The French guy was strong on the flats and the Italian rider seemed happy to do more work on the front and we stayed together through the Arly valley. There were some real special moments early into the ride, including the first clear view of Mt Blanc and then seeing the first sunlight hitting the mountain above us. It was the closest I’ve every been to Mt Blanc and quite something to see. As we rolled through Chamonix towards the first categorised climb our average speed was above 34kph, despite already having climbed 900m. The first categorised climb of the Col des Montets was the first challenge for us as a group, but a rather untimely nature break for 2 of us meant that I was chasing to catch back up. After 2km of the climb I had made it back, which felt good and it had at least given me a chance to test the legs a little. A short, fast descent and straight into the Col de la Forclaz, which was a wide, pretty busy road but still had some incredible views around us. These climbs feel so minor compared to the others on the route, but are still both bigger than anything we have in the UK, although thankfully not as steep. From the top of the Forclaz we were in Switzerland and the descent off the top was really wide, smooth and clear (hey, its Switzerland, of course it would be!). A slight route change to previous years due to the Giro Valle d’Aosta (a high profile U23 road race) taking place near by meant we skipped a climb over the Champex-Lac, but would make up extra climbing meters in Italy. For the revised route we took the more major road towards the Grand Saint Bernard tunnel, which was probably the least inspiring section of the route with traffic being fairly fast and at times pretty busy. We reached the feed on the outskirts of Sembrancher at the foot of the long mountain pass climb and it was here that everything started to split apart. Many riders are supported by friends along the route, meaning they do not need to stop at feeds, where as others like myself need to stop at every feed station to keep topping up on fluid. Our group of 4 split here and as lower slopes of the climb started I was alone. I was passed by a German rider who was climbing too strongly for me to comfortably hold his wheel but then a few KM later, another few riders caught me and the pace was more manageable. The Grand Saint Bernard is a long, mostly pretty dull climb with exception of the final 6km, as this is the point where the traffic heads through the tunnel and the road narrows and snakes up to the summit. It is also the toughest part of the climb and our little group was being strung out. Pre-event if I had made a wish list, one big thing was to try and stick with a group to the Grand Bernard, so I was really pleased to have managed that. The first drop bag was waiting at the top, although I had to overcome a language barrier to find it as they were out of sight and I think I was the first rider through to need them, all riders in front being supported by someone following, including the two riders I had summited with. Average speed by the top was still around 28kph, but the toughest riding still lay ahead.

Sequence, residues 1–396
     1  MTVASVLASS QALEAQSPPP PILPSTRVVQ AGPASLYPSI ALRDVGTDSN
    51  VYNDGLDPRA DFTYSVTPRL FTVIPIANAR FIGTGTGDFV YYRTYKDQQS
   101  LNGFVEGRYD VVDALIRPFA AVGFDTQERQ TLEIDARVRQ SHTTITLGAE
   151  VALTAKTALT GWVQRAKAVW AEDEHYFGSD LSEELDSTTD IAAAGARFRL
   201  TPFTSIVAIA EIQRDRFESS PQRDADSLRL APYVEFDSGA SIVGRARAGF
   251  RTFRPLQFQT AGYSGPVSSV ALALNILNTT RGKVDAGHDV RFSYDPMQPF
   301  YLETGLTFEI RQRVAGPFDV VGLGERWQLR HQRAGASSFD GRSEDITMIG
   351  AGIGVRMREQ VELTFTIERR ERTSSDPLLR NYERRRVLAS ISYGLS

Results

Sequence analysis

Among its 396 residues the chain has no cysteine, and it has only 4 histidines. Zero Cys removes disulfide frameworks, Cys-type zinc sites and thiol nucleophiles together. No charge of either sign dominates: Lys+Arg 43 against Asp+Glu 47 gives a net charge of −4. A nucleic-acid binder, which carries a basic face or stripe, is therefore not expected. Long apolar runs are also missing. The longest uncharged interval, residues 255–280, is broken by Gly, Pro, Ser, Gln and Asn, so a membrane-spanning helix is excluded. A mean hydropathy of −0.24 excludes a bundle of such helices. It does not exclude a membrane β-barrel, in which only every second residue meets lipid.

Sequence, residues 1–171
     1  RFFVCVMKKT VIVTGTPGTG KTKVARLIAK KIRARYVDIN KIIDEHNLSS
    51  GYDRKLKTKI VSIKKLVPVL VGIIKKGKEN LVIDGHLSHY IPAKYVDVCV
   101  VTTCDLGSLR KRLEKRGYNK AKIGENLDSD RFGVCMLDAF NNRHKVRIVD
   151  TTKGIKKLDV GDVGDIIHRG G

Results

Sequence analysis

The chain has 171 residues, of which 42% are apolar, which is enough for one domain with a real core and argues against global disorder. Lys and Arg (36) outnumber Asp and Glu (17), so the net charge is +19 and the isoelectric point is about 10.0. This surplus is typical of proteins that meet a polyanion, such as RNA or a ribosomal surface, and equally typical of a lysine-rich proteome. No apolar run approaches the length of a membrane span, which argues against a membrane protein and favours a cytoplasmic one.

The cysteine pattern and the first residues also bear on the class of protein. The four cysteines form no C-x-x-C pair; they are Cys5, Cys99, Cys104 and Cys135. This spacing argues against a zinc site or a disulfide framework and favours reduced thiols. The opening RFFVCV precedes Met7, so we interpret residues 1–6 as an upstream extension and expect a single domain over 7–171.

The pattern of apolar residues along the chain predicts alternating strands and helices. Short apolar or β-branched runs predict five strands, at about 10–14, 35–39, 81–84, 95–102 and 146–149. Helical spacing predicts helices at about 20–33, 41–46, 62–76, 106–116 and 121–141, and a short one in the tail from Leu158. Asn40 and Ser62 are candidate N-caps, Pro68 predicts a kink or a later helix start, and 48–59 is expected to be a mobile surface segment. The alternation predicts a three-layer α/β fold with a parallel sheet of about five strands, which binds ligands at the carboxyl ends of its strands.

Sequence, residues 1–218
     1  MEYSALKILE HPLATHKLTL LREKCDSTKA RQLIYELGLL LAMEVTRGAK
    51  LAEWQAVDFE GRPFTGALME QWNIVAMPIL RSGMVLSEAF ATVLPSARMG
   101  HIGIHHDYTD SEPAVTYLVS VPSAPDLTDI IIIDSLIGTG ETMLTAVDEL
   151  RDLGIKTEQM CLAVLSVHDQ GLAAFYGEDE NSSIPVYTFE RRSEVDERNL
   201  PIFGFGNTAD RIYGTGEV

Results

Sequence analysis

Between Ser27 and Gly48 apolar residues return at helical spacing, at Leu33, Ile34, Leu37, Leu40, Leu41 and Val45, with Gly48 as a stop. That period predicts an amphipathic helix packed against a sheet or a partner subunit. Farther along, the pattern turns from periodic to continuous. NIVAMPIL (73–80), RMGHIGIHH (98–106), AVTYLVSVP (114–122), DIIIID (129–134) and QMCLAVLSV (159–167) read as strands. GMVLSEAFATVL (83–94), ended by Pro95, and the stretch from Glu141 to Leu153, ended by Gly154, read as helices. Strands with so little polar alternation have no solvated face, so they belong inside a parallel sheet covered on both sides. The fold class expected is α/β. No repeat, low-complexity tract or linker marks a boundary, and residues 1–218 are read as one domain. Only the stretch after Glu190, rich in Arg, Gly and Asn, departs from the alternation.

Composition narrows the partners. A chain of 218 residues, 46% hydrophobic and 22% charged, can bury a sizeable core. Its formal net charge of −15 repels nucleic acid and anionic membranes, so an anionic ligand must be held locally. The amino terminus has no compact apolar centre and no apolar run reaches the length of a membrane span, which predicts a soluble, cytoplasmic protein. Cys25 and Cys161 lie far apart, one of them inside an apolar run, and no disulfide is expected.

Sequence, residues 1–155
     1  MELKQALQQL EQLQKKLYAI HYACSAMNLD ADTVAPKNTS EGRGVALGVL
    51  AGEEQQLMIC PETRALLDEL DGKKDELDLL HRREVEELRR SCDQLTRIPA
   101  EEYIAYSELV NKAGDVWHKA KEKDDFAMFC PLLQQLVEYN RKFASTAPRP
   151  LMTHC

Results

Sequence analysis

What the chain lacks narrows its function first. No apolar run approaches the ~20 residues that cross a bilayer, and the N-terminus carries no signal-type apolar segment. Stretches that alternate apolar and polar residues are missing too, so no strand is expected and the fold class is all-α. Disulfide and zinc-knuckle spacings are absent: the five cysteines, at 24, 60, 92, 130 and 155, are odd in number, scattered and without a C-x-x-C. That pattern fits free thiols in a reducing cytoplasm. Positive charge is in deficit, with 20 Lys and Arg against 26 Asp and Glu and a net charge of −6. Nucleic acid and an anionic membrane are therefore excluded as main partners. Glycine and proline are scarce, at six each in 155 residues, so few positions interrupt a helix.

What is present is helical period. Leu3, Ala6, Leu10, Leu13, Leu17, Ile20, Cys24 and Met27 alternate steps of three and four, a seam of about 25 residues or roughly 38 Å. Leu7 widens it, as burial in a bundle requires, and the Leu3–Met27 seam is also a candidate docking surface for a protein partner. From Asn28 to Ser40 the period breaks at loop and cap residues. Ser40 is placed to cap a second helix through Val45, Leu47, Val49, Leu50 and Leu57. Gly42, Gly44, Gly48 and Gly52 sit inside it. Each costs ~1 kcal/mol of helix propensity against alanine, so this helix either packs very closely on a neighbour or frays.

The descent was relatively straight forward, nothing too scary or fast, just lots of nice sweeping bends. I was joined by one rider halfway down who was descending really well and a great wheel to follow. From the summit we were now in Italy. I love Italy! And love everything its famous for: pasta, pizza, coffee and ice cream. What more could you want? The Italian roads are a mixed bag and as we turned onto minor roads and into little villages along the way it became twisty, harder to navigate and rougher. Then the climbing started again and my legs felt like wood and as soon as the steeper gradients started I was dropped quickly by the rider with me.

The route change, taking out Champex-Lac, was really biting back here, lots of sharp gradients and changes in surface making it feel slower too. With over 100 miles in the legs already it was starting to take effect with less higher end power and less zip in the legs. Reaching the feed at 212km was a relief and I hoped from that point the climbing would go back to being more typically alpine, longer but steady. The route profile certainly seemed to look like that. I now started to count down the climbs to go, just 4 left – even if they were 4 massive climbs!